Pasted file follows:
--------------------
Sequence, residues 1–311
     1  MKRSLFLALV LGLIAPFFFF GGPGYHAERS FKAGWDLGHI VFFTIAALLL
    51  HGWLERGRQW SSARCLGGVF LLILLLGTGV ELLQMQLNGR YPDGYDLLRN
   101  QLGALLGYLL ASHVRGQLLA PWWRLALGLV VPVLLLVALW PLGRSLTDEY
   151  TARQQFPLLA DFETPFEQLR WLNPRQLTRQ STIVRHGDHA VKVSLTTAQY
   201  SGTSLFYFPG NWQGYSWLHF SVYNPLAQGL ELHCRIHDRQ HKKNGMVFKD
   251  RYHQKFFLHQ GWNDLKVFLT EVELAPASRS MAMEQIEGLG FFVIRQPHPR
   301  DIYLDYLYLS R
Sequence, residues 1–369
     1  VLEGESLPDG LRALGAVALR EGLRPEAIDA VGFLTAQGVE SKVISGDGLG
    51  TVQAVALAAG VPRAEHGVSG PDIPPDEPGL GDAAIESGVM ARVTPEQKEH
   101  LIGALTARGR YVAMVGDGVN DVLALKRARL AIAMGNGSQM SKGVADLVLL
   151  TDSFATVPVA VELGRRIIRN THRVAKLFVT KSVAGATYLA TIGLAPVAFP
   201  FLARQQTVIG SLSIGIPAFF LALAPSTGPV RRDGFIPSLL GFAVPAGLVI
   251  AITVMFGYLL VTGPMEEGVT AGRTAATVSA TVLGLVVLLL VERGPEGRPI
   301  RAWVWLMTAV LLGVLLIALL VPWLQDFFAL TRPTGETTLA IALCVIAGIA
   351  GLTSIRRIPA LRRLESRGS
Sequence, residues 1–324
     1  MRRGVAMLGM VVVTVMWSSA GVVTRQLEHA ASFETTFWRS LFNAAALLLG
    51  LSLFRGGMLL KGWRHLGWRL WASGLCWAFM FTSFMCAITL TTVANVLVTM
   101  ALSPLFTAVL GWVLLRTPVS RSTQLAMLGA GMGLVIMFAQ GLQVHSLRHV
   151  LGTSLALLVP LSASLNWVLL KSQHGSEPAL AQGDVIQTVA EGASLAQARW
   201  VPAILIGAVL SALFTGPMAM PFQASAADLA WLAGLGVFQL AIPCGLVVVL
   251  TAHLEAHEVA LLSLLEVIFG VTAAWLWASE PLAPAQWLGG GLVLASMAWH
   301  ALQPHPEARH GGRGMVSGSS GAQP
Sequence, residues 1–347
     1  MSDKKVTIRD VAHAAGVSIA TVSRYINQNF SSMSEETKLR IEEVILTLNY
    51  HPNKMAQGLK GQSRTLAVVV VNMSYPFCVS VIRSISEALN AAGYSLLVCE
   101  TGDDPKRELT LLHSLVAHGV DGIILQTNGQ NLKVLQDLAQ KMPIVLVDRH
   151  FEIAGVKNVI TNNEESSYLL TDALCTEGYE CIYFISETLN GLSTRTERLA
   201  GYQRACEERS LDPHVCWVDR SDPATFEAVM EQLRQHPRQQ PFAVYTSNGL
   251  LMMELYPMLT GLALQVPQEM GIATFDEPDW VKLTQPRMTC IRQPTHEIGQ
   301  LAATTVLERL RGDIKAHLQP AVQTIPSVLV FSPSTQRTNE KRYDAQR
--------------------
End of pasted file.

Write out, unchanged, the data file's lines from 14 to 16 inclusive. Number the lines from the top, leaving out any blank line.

   201  FLARQQTVIG SLSIGIPAFF LALAPSTGPV RRDGFIPSLL GFAVPAGLVI
   251  AITVMFGYLL VTGPMEEGVT AGRTAATVSA TVLGLVVLLL VERGPEGRPI
   301  RAWVWLMTAV LLGVLLIALL VPWLQDFFAL TRPTGETTLA IALCVIAGIA